I got a phone call while in Chinese class last Monday morning from my son’s 2nd grade teacher.
I panicked for a moment, since I am mostly called if there is a problem, such as the time my daughter was running on the playground, crashed into a kid and I had to meet the grandma at the school to go to the hospital with him and get a cursory check up.
Fortunately this was not the case, and after a couple of tries I finally realized they wanted me to come and give a 5-10 minute speech to a group of parents at the national Read to Your Child Day event.
The reason? They notice that all of our foreigner children pull out a book-often a thick book-to read while they’re waiting for something, and wanted to hear my thoughts on what we do to get our kids to read.
I feel like this was a cumulative reflection of our 4-5 expat families who have attended this school for the past 2.5 years, and our desire is to be as involved with the community as we can be as relative outsiders. It was truly an honor.
So I scramble to get my thoughts down in Chinese, and a coworker at our clinic who I’ve helped quite a bit with English proofreading, leaped at the opportunity to help me do my Chinese.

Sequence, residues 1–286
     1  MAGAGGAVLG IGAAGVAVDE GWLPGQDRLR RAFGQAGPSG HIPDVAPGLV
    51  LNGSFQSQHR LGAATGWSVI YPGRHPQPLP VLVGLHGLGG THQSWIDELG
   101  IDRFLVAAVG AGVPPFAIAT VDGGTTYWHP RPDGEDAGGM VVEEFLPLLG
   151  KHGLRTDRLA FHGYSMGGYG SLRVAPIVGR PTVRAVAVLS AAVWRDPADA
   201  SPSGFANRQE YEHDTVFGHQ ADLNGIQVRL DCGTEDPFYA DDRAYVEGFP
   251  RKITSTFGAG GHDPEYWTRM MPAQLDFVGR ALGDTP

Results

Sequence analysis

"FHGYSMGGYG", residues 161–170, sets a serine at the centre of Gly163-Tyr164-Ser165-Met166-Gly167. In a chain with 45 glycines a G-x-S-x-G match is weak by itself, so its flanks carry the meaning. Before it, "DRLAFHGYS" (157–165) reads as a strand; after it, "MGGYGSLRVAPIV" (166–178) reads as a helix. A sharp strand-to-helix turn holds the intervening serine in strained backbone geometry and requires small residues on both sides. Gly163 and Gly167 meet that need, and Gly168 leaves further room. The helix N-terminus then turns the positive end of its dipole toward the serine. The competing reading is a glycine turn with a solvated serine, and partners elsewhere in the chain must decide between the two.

It was a joy to share my thoughts on reading with over 100 parents in this room, plus some of the administrators. It’s one of the topics I’m passionate about, and there’s no way to go wrong by spending 20 minutes a day reading with your child.
Here are a couple of links to get you started:
Not only are books and reading helpful for language development and school readiness, but there are other more intangible benefits for children and their caregivers:
- They feel safe and secure while snuggling up with you and a book, creating positive memories and a strong parent-child bond
- Their imaginations can soar as they explore places they might never see in real life
- The soothing routine of a book can alleviate stress and anxiety, help children cope with trauma and even be therapeutic.
So now, go and read with your kiddo!